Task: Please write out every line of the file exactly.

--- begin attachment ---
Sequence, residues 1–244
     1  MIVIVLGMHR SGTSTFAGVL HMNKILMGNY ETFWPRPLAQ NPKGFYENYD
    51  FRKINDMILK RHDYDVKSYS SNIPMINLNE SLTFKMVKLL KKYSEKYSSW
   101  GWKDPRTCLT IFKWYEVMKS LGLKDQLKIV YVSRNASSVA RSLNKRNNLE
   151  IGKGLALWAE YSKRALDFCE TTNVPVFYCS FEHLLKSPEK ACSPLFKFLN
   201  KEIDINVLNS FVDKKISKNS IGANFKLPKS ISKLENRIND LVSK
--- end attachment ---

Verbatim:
Sequence, residues 1–244
     1  MIVIVLGMHR SGTSTFAGVL HMNKILMGNY ETFWPRPLAQ NPKGFYENYD
    51  FRKINDMILK RHDYDVKSYS SNIPMINLNE SLTFKMVKLL KKYSEKYSSW
   101  GWKDPRTCLT IFKWYEVMKS LGLKDQLKIV YVSRNASSVA RSLNKRNNLE
   151  IGKGLALWAE YSKRALDFCE TTNVPVFYCS FEHLLKSPEK ACSPLFKFLN
   201  KEIDINVLNS FVDKKISKNS IGANFKLPKS ISKLENRIND LVSK